The study of the origin, nature, properties, and actions of drugs and their effects on living organisms.
Disorders that result from the intended use of PHARMACEUTICAL PREPARATIONS. Included in this heading are a broad variety of chemically-induced adverse conditions due to toxicity, DRUG INTERACTIONS, and metabolic effects of pharmaceuticals.
The branch of pharmacology that deals directly with the effectiveness and safety of drugs in humans.
Attitudes of personnel toward their patients, other professionals, toward the medical care system, etc.
The application of electronic, computerized control systems to mechanical devices designed to perform human functions. Formerly restricted to industry, but nowadays applied to artificial organs controlled by bionic (bioelectronic) devices, like automated insulin pumps and other prostheses.
Complete or partial surgical removal of the prostate. Three primary approaches are commonly employed: suprapubic - removal through an incision above the pubis and through the urinary bladder; retropubic - as for suprapubic but without entering the urinary bladder; and transurethral (TRANSURETHRAL RESECTION OF PROSTATE).
A procedure in which a laparoscope (LAPAROSCOPES) is inserted through a small incision near the navel to examine the abdominal and pelvic organs in the PERITONEAL CAVITY. If appropriate, biopsy or surgery can be performed during laparoscopy.
Prolonged shortening of the muscle or other soft tissue around a joint, preventing movement of the joint.
Division of tissues by a high-frequency current applied locally with a metal instrument or needle. (Stedman, 25th ed)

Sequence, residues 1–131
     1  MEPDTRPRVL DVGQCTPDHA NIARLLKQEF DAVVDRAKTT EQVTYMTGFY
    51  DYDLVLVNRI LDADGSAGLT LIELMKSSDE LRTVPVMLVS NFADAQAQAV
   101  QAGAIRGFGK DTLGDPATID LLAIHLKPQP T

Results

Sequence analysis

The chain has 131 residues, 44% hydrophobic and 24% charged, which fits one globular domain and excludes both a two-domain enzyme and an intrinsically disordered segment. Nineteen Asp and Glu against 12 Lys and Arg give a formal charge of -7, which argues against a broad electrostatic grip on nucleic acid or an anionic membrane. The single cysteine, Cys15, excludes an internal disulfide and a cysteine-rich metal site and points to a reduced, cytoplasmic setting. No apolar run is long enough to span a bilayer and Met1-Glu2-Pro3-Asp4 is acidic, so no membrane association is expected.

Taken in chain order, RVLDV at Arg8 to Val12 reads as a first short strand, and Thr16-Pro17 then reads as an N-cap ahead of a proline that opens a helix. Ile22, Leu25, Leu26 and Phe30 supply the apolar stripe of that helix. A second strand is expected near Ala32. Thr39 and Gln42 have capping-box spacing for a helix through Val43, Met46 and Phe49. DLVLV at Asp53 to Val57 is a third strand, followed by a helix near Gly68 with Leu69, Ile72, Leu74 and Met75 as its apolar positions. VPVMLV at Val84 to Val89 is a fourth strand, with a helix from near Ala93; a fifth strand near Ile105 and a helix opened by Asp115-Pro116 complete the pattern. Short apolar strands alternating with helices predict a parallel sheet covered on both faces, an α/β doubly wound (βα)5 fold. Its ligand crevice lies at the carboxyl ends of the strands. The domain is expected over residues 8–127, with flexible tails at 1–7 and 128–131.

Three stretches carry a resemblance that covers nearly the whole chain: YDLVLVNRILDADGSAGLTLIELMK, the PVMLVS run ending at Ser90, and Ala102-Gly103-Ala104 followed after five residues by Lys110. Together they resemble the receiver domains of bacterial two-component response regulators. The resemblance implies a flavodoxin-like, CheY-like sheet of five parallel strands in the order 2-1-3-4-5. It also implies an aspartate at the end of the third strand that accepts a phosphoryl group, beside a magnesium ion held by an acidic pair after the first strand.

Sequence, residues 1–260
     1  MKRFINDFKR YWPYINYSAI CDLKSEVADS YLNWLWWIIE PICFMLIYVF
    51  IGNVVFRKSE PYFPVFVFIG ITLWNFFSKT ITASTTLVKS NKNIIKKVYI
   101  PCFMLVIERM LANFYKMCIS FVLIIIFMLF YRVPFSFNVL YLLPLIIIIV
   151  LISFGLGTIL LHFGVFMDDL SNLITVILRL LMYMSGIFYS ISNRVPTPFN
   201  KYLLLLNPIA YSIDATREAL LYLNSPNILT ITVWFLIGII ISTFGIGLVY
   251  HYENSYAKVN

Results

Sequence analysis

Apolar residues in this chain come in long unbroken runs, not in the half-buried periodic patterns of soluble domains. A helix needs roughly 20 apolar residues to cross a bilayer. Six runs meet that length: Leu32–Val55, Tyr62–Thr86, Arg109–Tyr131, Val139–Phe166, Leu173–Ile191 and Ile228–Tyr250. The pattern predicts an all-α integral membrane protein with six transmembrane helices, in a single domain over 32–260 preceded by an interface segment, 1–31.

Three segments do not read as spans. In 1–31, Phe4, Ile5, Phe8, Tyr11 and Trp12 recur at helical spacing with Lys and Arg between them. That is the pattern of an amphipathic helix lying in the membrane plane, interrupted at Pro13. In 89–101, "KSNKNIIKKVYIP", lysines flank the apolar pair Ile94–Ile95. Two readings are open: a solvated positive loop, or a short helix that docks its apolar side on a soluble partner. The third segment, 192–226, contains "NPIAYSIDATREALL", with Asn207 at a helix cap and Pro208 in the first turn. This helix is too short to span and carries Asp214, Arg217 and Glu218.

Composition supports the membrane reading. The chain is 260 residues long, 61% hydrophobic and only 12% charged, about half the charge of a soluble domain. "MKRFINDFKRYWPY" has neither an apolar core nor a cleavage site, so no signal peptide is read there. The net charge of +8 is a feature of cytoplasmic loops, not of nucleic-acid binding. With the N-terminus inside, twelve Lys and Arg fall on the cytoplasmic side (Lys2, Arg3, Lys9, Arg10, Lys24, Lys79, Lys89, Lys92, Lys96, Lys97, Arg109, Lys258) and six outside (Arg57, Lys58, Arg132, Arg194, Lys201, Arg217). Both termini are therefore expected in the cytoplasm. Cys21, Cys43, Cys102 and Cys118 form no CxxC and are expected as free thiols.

Narrowing of any part of the URETHRA. It is characterized by decreased urinary stream and often other obstructive voiding symptoms.
Lower urinary tract symptom, such as slow urinary stream, associated with PROSTATIC HYPERPLASIA in older men.
The instillation or other administration of drugs into the bladder, usually to treat local disease, including neoplasms.
Isoprostanes derived from the free radical oxidation of ARACHIDONIC ACID. Although similar in structure to enzymatically synthesized prostaglandin F2alpha (DINOPROST), they occur through non-enzymatic oxidation of cell membrane lipids.
Tumors or cancer of the PROSTATE.
Alternatives to the use of animals in research, testing, and education. The alternatives may include reduction in the number of animals used, replacement of animals with a non-animal model or with animals of a species lower phylogenetically, or refinement of methods to minimize pain and distress of animals used.
A hypermetabolic syndrome caused by excess THYROID HORMONES which may come from endogenous or exogenous sources. The endogenous source of hormone may be thyroid HYPERPLASIA; THYROID NEOPLASMS; or hormone-producing extrathyroidal tissue. Thyrotoxicosis is characterized by NERVOUSNESS; TACHYCARDIA; FATIGUE; WEIGHT LOSS; heat intolerance; and excessive SWEATING.
Inability to empty the URINARY BLADDER with voiding (URINATION).
Hypersensitivity reactions which occur within minutes of exposure to challenging antigen due to the release of histamine which follows the antigen-antibody reaction and causes smooth muscle contraction and increased vascular permeability.
A life-threatening complication of diabetes mellitus, primarily of TYPE 1 DIABETES MELLITUS with severe INSULIN deficiency and extreme HYPERGLYCEMIA. It is characterized by KETOSIS; DEHYDRATION; and depressed consciousness leading to COMA.
A surgical specialty concerned with the study, diagnosis, and treatment of diseases of the urinary tract in both sexes, and the genital tract in the male. Common urological problems include urinary obstruction, URINARY INCONTINENCE, infections, and UROGENITAL NEOPLASMS.